WellPoint created an HMO joint venture with seven big hospitals in Los Angeles. Could it do something similar here? Quite possibly.
A new study finds that Obamacare boosted enrollment in Indiana’s individual insurance market significantly over what it would have been without the law, but also caused premiums to spike.
Conservatives, after waging war on Obamacare, including its large expansion of Medicaid, are starting to try to propose alternative, conservative ways to achieve its key goals.
State and local governments hand out $921 million per year to entice business to add jobs. The Medicaid expansion is estimated to cost no more than $279 million per year.
In two to three years, primary care clinics could be popping up in Walmart stores in rural Indiana while most rural Indiana hospitals will offer little to no inpatient services. That’s dramatically different from what we’re used to.
WellPoint saw 218,000 members of its health plans disappear because their employers ended their group plans. Other insurers, however, say small employers are ending their plans more slowly than expected.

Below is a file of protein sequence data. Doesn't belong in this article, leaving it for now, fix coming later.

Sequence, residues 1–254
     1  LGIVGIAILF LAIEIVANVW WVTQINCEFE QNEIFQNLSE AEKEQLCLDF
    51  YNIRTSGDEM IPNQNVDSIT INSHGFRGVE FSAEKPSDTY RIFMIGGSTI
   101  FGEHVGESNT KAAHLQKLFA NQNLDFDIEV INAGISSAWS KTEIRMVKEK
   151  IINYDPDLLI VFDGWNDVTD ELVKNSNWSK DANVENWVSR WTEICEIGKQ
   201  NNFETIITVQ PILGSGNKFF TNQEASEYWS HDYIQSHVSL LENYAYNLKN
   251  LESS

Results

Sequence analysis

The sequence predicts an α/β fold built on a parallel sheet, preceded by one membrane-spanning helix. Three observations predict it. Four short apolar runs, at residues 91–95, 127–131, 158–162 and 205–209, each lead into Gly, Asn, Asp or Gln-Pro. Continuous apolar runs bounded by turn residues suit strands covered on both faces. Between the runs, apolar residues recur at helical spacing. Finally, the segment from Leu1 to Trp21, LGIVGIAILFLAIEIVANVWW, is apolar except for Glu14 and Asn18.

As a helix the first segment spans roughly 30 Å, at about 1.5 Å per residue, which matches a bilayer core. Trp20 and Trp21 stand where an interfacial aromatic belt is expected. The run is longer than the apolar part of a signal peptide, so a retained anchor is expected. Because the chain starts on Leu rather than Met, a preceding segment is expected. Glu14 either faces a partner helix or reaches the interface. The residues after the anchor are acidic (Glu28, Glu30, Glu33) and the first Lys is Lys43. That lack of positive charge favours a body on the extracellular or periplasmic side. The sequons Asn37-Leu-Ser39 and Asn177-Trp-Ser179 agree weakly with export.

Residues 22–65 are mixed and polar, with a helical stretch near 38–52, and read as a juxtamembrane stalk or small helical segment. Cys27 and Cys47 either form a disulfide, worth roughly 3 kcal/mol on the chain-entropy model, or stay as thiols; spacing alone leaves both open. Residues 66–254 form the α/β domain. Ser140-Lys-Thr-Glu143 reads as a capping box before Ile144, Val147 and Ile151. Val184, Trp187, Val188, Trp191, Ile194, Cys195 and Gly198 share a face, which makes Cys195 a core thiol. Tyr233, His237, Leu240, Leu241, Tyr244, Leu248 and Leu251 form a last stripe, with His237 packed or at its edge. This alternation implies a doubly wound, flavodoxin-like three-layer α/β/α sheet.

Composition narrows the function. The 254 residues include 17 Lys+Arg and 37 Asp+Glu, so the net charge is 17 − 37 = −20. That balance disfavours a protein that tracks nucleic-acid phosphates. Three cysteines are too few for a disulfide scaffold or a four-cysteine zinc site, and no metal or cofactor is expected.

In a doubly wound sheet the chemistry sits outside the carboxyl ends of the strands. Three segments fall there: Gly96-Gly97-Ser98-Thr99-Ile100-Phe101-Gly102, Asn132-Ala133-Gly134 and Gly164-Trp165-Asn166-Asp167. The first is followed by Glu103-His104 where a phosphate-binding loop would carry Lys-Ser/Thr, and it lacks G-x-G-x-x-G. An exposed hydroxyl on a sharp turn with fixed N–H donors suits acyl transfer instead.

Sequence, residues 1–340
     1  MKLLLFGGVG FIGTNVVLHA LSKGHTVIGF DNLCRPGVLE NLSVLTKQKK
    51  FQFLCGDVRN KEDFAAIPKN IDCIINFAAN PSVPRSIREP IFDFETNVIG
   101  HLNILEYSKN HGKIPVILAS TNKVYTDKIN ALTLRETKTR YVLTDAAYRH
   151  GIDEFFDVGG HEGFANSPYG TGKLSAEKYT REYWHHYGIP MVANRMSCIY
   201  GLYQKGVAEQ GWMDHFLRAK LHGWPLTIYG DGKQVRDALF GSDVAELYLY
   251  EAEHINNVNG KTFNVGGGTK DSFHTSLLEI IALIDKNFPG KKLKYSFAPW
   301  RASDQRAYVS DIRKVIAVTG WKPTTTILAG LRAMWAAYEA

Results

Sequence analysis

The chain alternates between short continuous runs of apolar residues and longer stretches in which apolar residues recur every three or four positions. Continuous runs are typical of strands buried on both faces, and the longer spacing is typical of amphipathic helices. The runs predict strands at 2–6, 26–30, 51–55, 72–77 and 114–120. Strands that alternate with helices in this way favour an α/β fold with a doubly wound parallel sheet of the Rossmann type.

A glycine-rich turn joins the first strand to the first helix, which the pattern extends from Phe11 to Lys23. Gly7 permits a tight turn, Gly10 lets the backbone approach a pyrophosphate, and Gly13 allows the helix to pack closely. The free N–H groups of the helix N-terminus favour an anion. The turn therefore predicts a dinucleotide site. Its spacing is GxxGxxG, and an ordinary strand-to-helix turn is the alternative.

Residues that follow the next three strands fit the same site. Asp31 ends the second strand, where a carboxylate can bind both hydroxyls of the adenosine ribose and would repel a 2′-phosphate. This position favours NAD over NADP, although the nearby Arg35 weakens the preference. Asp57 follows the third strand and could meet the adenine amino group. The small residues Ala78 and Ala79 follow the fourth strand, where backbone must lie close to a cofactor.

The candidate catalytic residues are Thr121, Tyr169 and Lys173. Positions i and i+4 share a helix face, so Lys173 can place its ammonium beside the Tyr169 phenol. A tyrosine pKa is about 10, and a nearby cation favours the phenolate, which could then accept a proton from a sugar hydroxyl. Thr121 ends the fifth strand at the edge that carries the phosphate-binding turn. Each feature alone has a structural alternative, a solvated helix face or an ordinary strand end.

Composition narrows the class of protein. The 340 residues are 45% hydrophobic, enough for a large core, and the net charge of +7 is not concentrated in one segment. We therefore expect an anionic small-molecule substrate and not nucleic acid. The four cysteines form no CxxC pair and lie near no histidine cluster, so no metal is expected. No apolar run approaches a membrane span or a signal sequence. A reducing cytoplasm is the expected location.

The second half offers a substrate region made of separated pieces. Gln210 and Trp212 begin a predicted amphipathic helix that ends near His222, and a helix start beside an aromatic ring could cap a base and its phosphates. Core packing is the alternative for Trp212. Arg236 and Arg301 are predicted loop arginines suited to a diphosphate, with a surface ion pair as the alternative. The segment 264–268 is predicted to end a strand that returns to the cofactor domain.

If this week’s D.C. appeals court ruling stands up—declaring the Obamacare tax subsidies illegal in Indiana and most other states—Gov. Mike Pence could face significant pressure, even from traditional Republican supporters, to keep the tax credits flowing.
One of the open secrets in health care is that hospitals are paid substantially more than independently owned health care facilities for the same procedures. But those higher fees are facing unprecedented pressure.
All of sudden, Hoosiers are buying less health care. Is that because we’ve kicked the habit, sobered up and found religion? Or is it the Great Recession hangover that will pass, eventually, so we can all get back to the party?
Indianapolis ranked fifth highest among the nation’s largest cities for the most positive reviews of physicians. On a five-point Patient Happiness Index, the average review by patients scored Indianapolis physicians at a 4.05. San Francisco physicians topped the list.
My post on a presentation by Community Health Network CEO Bryan Mills was interpreted in a stronger way than I intended. So let me set the record straight.